Editorial: Vote -- and make a difference for city's future
As the city's often raucous, occasionally illuminating, sometimes bizarre 2013 primary campaigns lurch to a halt tomorrow, we have an urgent plea:
Get out there and vote!
Seriously, no excuses. Could voter outreach efforts be better? Absolutely. Could the field of candidates be more exciting? Yes. Could the Board of Elections be more effective? Without a doubt.
But these aren't acceptable reasons to shirk your duty.
The city is making the first cut among the contenders for the office Mayor Michael Bloomberg has occupied for almost 12 years. And while the city has improved in many ways during his mayoralty, he leaves a long list of tough problems to solve: stop and frisk, a lack of affordable housing, more than 150 city union contracts to negotiate, a school system that's still struggling.
Your vote will have an impact.
Don't believe us? Consider what happened last time.
The last election cycle began with a 2008 City Council vote to change term-limits law and let the mayor, council members and borough presidents run for third terms.
But in the citywide primary the next year, just 11 percent of eligible Democrats bothered to show up at the polls. In the general election that year, only 26 percent of registered voters cast a ballot. As a result, Bloomberg was elected to a third term by the surprisingly thin margin of 5 percentage points in an election that most people sat out.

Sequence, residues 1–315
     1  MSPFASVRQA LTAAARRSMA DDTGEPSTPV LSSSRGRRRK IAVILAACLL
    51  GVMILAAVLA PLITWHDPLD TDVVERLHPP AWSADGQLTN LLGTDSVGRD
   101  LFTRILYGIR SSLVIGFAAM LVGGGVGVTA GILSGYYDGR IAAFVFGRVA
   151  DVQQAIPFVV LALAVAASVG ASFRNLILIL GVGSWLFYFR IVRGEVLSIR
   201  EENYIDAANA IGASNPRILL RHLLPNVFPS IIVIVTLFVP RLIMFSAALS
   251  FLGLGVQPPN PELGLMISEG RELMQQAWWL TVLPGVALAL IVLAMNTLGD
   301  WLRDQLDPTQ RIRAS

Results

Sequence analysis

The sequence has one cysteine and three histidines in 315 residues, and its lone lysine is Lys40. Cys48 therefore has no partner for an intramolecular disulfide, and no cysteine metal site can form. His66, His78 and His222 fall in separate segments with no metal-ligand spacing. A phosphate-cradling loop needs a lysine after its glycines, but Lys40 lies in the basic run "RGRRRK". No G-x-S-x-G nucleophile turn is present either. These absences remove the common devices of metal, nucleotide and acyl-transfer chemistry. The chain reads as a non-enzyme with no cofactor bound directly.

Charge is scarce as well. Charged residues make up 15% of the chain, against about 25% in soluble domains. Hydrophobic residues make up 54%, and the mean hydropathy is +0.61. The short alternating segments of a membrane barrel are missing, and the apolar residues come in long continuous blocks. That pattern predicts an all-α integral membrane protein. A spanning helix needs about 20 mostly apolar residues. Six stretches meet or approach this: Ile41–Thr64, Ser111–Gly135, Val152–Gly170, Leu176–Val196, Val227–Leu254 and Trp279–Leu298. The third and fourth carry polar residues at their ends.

New Yorkers are still fuming. At candidate forums across the city, citizens regularly vent their anger with the council for "giving" Bloomberg a third term. But they're not the only culprits.
The council gave Bloomberg the right to run for a third term. Bloomberg's $90-million campaign and an election cycle too many New Yorkers ignored got him elected.
Our point isn't to knock Bloomberg. It's simply to note the discontent over his third term and to point out to eligible voters: You don't get a voice if you don't play the game. In the November 1953 election, 93 percent of the city's voters turned out. We'd like to see those days return.